Last week we reported on demolition work that’s started at the former First Federal Savings and Loan property in the 2000 block of First Avenue North downtown, and the need for better site signage generally in this City to alert the public to what’s in store. Two of our readers have had conversations this week with the contractor doing demolition work here, and so based on that information we are tentatively piecing together a mixed-use project–with offices in the upper floors and future retail/commercial on the ground floor. Part of the property is a small one-story building (above) whose corrugated metal facade has been stripped away to reveal the original brick–although it appears the face brick was ripped off at some point.
The word from the contractor on this space? It will house a wine shop. If true, this could be a great new amenity to this part of town (and a complement to Mamanoes convenience store a few blocks east which stocks a small but good selection). If anyone knows anything more–about the use, or new designs for the facade–let us know!
A man with a vision
Just as BB’s China and Glassware, located in the former Blackwell Furniture Building at First Avenue North and 25th Street, has decided to close, local urbanite David Carrigan (above) has purchased the building and plans a sensitive, creative renovation. His business–William and Carrigan Stone–will move into a portion of the building, while a stone yard will be located across Morris avenue to the rear.
An otherwise forgotten corner about to come to life
As seen above (looking west on Morris with 25th Street in the foreground), the building has lots of old, warehouse-y character complete with arched openings, original steel frame windows, and a loading area. Carrigan has quite a bit of square feet to play with–and is currently considering potential mixed-uses. Bracketed by an abandoned freeway ramp to the east, and the railroad to the south, the property has lots of potential. The rooftop views are terrific.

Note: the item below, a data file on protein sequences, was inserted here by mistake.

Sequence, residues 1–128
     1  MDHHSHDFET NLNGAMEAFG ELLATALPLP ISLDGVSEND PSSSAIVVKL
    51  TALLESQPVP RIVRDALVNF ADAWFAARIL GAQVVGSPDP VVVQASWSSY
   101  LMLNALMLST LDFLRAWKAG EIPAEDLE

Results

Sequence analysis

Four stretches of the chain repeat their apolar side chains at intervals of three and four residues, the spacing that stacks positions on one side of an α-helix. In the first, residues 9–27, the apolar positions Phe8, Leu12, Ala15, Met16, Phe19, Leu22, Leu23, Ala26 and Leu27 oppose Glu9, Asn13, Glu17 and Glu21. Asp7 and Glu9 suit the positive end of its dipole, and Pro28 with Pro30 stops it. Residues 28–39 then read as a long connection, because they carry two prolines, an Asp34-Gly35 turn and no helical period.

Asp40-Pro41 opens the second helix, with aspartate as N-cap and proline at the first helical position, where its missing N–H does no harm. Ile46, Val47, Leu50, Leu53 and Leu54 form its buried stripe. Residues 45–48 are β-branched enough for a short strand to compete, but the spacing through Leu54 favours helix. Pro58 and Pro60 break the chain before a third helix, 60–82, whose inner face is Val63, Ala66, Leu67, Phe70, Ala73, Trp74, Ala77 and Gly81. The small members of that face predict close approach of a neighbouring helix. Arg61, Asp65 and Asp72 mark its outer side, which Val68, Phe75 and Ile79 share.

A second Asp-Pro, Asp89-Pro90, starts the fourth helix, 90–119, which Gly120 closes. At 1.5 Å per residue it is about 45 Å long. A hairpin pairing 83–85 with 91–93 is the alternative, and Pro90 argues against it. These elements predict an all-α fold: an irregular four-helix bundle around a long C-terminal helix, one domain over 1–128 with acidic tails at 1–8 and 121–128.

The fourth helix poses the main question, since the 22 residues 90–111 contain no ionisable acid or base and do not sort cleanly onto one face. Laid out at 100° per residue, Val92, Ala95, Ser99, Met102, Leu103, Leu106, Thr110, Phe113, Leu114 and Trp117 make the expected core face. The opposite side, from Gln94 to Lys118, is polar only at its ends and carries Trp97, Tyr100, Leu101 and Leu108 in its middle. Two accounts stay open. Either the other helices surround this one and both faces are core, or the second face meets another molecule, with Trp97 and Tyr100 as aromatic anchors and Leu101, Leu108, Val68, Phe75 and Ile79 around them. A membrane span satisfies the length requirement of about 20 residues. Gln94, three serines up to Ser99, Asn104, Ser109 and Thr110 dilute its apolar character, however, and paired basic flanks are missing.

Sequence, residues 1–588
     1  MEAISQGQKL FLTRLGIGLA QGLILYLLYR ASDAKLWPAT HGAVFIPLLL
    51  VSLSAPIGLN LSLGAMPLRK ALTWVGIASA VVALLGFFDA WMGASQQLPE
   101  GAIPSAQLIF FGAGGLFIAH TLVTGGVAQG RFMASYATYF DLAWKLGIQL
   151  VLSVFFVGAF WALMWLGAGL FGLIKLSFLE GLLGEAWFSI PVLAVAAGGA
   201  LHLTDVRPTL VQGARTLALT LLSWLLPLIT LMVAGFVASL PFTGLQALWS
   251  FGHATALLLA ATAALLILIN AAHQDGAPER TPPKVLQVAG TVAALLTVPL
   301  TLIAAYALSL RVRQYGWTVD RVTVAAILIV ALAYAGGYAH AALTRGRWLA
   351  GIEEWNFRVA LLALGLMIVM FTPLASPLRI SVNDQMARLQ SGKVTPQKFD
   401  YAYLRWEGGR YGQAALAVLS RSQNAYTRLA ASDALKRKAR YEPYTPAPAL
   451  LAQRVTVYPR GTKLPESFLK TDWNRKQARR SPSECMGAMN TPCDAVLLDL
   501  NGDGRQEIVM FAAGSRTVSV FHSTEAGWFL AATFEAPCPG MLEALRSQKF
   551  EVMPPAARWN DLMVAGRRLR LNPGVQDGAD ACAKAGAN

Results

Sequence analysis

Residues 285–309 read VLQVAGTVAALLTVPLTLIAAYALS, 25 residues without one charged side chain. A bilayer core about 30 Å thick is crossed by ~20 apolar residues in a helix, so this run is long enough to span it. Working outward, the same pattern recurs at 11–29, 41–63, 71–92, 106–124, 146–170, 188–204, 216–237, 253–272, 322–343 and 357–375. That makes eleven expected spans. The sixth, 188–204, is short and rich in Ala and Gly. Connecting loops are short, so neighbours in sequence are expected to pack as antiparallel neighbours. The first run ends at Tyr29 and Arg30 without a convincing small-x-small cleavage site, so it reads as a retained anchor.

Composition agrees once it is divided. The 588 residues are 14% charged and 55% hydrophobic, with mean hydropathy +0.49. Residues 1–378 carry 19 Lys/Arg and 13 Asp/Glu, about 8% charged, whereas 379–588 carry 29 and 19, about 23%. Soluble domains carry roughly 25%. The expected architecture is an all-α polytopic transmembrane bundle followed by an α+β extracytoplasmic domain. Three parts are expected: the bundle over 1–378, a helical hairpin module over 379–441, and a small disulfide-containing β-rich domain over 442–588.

I see a bright future
Inside, exposed brick walls, wood floors, timber columns and beams all hint at intriguing possibilities. There’s even a massive painted mural that, once cleaned, will be super-cool.
As Birmingham continues to struggle with limited financing available for private projects, it’s heartening to see a steady stream of small entrepreneurs like Carrigan continue to invest in the downtown core. We eagerly anticipate further news about this project.
Yesterday there was an advertised notice in the Birmingham News that Jemison Flats, the luxury mixed-use apartment building housed in the former Chamber of Commerce building on the 1900 block of First Avenue North, has been foreclosed and is up for auction. It is item #659 visible at this auction link, with a minimum bid of $2,275,000 (a seemingly very low figure).
This is a sobering example of the continued turmoil in real estate markets: while outwardly successful, full of happy residential and commercial tenants, hidden aspects of the project financing probably became an issue over the last few years.
We have worked on several plans for exciting projects, downtown and otherwise, that are on hold indefinitely due to lack of financing. While interesting, small-scale projects that are mainly owner-financed are thankfully still occurring, and very large-scale institutional projects (hospitals) are also occurring–there’s a huge swath of potential that’s not being realized right now. Hopefully these projects–and the Jemison Flats building– will get back on their feet as soon as possible.
[thanks to argusfoto for the pic]